In front of me, a bearded man with a braided gray ponytail strode purposefully across U.N. Plaza, a pile of neatly folded clothes visible in the black trashbag he held slung over his shoulder. I followed him as he walked toward the Tenderloin. As I reached the corner of McAllister, I looked up at one of the city's shiny new signs. It read, "Carlton B. Goodlett Pl. (End)."

--- Copyright Betsey Culp 1999

Wednesday, January 20, 1999

Progress report

This morning we continue the refrain, "The state of the union is strong," and detail how America's vaunted strength and prosperity stacks up against the world's 18 other industrialized nations:

* * *

And in the spirit of President Bill's promise to "put a human face on the global economy," herewith is a sampling of recent wire reports:

  • China: Zhan Shanguang, an independent trade union activist in China, was sentenced on December 27 to ten years imprisonment by a court in the Hunan province. Accused of "threatening the security of the State," Zhang was incarcerated for trying to set up an organization to defend the rights of the unemployed and for giving the foreign press information on social unrest in Hunan. Earlier, three other democratic activists, Xu Wenli, Qin Yongming and Wan Yucai were sentenced to 13, 12 and 11 years imprisonment respectively. Meanwhile, a recent report by the Asia Monitor Research Center describes the deplorable conditions in which toys are manufactured in China, the world's biggest toy producer. A worker in a Chinese toy factory earns less than $50 per month, for working six days a week and 14 hours a day, says the report.
  • Guatemala: On December 11, 1998, the Phillips--Van Heusen Corporation (PVH) suddenly closed its apparel factory in Guatemala. The factory, Camisas Modernas, was the only maquiladora (apparel-for-export) factory in Guatemala with a collective bargaining agreement, won by the union in 1997 after a six-year campaign. It was also PVH's only unionized factory. PVH, the U.S.' leading marketer of men's dress shirts, cited the loss of a major business customer as the reason it had to reduce its plant capacity. The loss of the customer, Mercantile Stores, does not appear to be significant, accounting for 1.6 percent of PVH's annual apparel sales according to PVH's own figures. A prominent PVH contractor and leader in the Guatemalan maquiladora industry warned at the time of the workers' victory that PVH would close the factory in a year and shift the production to a non-union contractor. PVH is one of members of the Apparel Industry Partnership (AIP), a White House--initiated task force of industry and human rights groups charged with the task of eliminating sweatshops in the apparel industry in the U.S. and abroad.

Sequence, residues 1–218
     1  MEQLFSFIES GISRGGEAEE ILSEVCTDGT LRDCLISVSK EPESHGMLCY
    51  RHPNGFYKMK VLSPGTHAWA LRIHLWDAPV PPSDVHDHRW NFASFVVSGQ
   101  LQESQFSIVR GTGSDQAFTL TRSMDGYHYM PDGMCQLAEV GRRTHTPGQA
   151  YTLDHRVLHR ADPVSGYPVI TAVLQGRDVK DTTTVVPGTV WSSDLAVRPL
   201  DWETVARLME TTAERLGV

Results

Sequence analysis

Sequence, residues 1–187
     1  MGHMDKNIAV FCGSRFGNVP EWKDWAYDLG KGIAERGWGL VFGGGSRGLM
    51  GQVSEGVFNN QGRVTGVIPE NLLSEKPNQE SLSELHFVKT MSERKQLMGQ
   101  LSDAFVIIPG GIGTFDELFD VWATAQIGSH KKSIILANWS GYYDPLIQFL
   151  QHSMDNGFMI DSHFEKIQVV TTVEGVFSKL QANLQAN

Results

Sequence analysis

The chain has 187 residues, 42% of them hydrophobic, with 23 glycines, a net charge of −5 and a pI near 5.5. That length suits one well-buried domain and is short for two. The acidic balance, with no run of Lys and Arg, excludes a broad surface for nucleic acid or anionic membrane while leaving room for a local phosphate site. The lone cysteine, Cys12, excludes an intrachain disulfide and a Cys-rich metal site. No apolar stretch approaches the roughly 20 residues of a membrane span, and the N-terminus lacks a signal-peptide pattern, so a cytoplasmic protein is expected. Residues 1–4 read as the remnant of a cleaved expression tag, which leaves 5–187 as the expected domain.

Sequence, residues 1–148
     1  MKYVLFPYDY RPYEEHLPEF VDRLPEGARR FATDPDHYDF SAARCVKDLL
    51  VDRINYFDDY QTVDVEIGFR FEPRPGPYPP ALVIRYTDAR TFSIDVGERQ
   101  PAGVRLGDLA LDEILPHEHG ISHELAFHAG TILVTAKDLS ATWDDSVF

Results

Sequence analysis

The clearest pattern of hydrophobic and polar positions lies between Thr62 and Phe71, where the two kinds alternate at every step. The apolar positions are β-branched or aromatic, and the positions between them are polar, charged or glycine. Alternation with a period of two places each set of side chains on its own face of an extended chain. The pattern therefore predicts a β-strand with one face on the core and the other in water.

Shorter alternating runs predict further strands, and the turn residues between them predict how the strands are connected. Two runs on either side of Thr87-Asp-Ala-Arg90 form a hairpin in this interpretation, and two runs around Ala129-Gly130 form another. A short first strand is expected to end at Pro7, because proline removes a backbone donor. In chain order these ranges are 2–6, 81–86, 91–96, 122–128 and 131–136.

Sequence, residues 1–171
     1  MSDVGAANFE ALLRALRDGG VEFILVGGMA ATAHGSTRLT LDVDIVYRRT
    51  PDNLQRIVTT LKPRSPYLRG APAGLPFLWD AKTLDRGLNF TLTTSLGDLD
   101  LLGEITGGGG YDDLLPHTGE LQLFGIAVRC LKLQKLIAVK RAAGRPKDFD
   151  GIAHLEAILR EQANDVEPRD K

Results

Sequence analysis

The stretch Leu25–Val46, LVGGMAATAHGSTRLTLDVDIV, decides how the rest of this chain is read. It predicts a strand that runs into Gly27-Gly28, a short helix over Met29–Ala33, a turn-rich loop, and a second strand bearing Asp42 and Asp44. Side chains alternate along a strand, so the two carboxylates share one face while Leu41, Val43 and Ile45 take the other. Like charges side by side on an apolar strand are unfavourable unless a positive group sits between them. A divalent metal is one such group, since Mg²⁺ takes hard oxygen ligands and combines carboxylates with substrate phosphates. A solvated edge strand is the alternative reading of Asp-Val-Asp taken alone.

• Honduras: On January 13, Chiquita Brands International said it would abandon Honduras and not rehabilitate banana plantations damaged by Hurricane Mitch if by Friday, January 15, workers didn't sign a new agreement that would weaken the union and roll back advances they had previously won. Chiquita employs approximately 7,000 banana workers in Honduras. Chiquita's threats to leave Honduras in the wake of Mitch come despite public promises to the contrary. According to a November 13 AP story, Chiquita President Steven Warshaw said Chiquita would rebuild in Honduras. On November 12, during a visit to Honduras, Mr. Warshaw assured Honduran officials that the company would not leave the country. In Guatemala, COBSA, a subsidiary of Dole, sacked 465 workers following the hurricane, despite a court order prohibiting it to do so, while in Nicaragua, COBSA has reneged on its commitment to contribute towards the rehabilitation of its suppliers' plantations, which has resulted in a large number of layoffs. Unions in the area are writing to Dole, urging them to reinstate the workers, and to contribute towards the rehabilitation of the banana plantations.
  • Mexico: In a report published on December 29, Human Rights Watch accused employers in Mexican maquiladoras of violating maternity protection measures. Pregnancy tests upon hiring, discrimination in employment and unfair dismissals are among the principal findings by the organization, which examined 50 factories. In a related vein, the daily La Jornada reveals that five million children are working in Mexico, half of them school dropouts, and that most of them work between five and 14 hours a day.
  • Pakistan: A decree promulgated on December 22 ,1998, by the president of Pakistan exempts Pakistan's water and energy authority (Wapda) from legal provisions concerning the freedom of association and collective bargaining. The decree, which is a contravention of the Constitution of Pakistan and ILO Conventions (87 and 98) deprives Wapda's 130,000-plus employees of their fundamental rights.
  • Zimbabwe: On December 30, the head of the Zimbabwe Congress of Trade Unions, Gibson Sibanda, warned the government that the economic crisis that spread across the country in 1998 was a social time bomb. More than half the population is out of work and inflation is more than 45 percent.
  • --- Copyright John Hutchison 1999

    Friday, January 22, 1999

    Practicing the faith

    The novelist Charles Dickens, who started out as a reporter, didn't have much use for American newspapers. He described them as "pimping and pandering for all degrees of vicious taste, and gorging with coined lies the most voracious maw; imputing for every man in public life the coarsest and vilest of motives; scarring away from the stabbed and prostrate body-politic every Samaritan of good conscience and good deeds; and setting on, with yell and whistle and the clapping of foul hands, the vilest vermin and the worst birds of prey."

    Gee, I wish I'd thought of that.